The Reinvention of the American Community

15 Sep

Guest author Roger Brooks will be speaking at DCI’s annual conference, Downtown Trends: Essential Community Responses to the New Economic Reality. Roger will be speaking on Thursday, Sept 23, at 8:30am.

By Roger Brooks, Destination Development International

Nearly every community in North America was originally founded on a natural resource or transportation. But the industrial revolution is over, and as communities lose their core industries, they are all working to diversify their economies. With over 85,000 communities and counties in North America, 1,500 of them set out every year to get a bigger piece of the pie. In short – competition has never been more fierce.

How does a community attract economic diversity? What is it people look for, when deciding where to move, start a business, invest, or visit? More and more, people are looking for quality of life – an attractive, vibrant community with plenty to do and active people to do them with. People are looking for that “Third Place” – a place to gather with friends and neighbors during their leisure time; to socialize, relax, shop, dine, and play together.

According to Ray Oldenburg (The Great Good Place), the “First Place” is where you live, your home. The “Second” is where you work. The “Third Place” is where you go to hang out, spend your leisure time. Throughout history, downtowns have provided an essential “Third Place” for their communities. If your downtown is a vibrant place where locals go to shop, dine and hang out, visitors will go too. But if locals don’t hang out there, visitors won’t either.

After decades of downtown decline with strip malls, expansive parking lots, and freeways, people want vibrant downtowns again. Whether they are visiting a new place or hanging out close to home, they want ambiance, entertainment, shopping, and good food. They want to stroll from shop to shop, sit at an umbrella table for coffee and people watching. They want places that are open late and offer things to do after dark. They want the sense of community that only a great downtown can offer. This is the age of “Third Places.”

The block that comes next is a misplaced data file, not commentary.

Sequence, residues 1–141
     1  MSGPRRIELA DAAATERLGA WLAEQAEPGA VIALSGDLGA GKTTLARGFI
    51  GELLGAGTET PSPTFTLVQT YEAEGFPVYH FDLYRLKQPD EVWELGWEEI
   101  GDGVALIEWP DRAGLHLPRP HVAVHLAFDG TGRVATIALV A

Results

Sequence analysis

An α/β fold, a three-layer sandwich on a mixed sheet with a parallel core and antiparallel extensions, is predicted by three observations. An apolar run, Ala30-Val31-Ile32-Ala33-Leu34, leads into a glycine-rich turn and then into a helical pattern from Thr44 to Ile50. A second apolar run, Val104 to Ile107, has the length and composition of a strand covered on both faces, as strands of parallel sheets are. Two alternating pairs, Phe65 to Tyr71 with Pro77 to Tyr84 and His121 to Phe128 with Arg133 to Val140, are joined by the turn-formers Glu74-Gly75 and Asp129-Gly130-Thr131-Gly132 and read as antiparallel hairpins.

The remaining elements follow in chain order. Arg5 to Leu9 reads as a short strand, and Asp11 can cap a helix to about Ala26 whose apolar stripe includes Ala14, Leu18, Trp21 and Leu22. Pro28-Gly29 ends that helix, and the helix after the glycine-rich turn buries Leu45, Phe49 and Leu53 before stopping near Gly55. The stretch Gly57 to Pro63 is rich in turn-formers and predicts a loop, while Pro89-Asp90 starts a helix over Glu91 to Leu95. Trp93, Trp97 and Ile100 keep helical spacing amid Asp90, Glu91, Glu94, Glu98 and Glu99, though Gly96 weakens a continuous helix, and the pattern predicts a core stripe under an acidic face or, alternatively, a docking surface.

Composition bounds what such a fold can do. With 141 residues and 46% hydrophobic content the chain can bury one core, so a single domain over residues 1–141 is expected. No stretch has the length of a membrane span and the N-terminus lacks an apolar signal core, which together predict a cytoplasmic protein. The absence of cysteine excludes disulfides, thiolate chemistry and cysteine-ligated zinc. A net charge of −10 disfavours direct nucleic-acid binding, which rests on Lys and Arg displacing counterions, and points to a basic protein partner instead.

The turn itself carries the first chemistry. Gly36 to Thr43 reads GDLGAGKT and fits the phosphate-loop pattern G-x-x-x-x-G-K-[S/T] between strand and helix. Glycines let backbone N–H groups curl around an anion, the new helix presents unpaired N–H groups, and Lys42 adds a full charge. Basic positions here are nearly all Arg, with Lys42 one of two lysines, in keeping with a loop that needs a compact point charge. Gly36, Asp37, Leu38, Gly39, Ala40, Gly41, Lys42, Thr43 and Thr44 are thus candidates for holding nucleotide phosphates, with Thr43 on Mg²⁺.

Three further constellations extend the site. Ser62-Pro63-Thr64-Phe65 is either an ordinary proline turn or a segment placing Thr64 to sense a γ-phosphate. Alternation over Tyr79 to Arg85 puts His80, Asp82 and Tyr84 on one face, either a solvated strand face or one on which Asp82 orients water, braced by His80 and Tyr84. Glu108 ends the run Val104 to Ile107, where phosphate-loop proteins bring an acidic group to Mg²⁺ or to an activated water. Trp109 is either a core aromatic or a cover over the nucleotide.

How does a community bring their downtown to life? Turn it into a thriving “Third Place?” They have to focus on what makes their downtown unique. What is your downtown known for? What sets you apart? The days of being all things to all people are as long gone as the industrial revolution. Communities can no longer attract business, investment, residents or visitors by claiming to be “A great place to live, work and play.” That could apply to any one of those 85,000 communities. In order to win in this age of “Third Places,” you MUST jettison the generic. Being all things to all people does not mean you appeal to a wider audience. It means you get lost in the shuffle and become nothing to anyone.

Tourism is the front door to your non-tourism economic development efforts, and creating a great downtown is a big part of that process. Downtowns and tourism organizations should be joined at the hip. Working to create an inviting downtown will enhance all your tourism and economic development efforts, as well as creating that “Third Place” that locals and visitors are looking for.

The game has changed and competition is fierce. But there are key things you can do now to create a downtown that is vibrant and inviting. Stop trying to be all things to all people. Take what sets you apart and makes you unique, and run with it. Jettison the generic! And work towards creating a downtown that is a “Third Place.” If locals hang out there, visitors will too, leading to increased spending, thriving businesses and greater opportunity for the entire community.

One Response to “The Reinvention of the American Community”

  1. Jaime May 1, 2013 at 7:51 AM #

    Hello! I saw you on Twitter, then, one thing lead to another and here we are. I enjoyed reading this article and in the context you used “Third Place.” Thank you. I’ll be coming back and sharing as soon as I remember my wordpress password.


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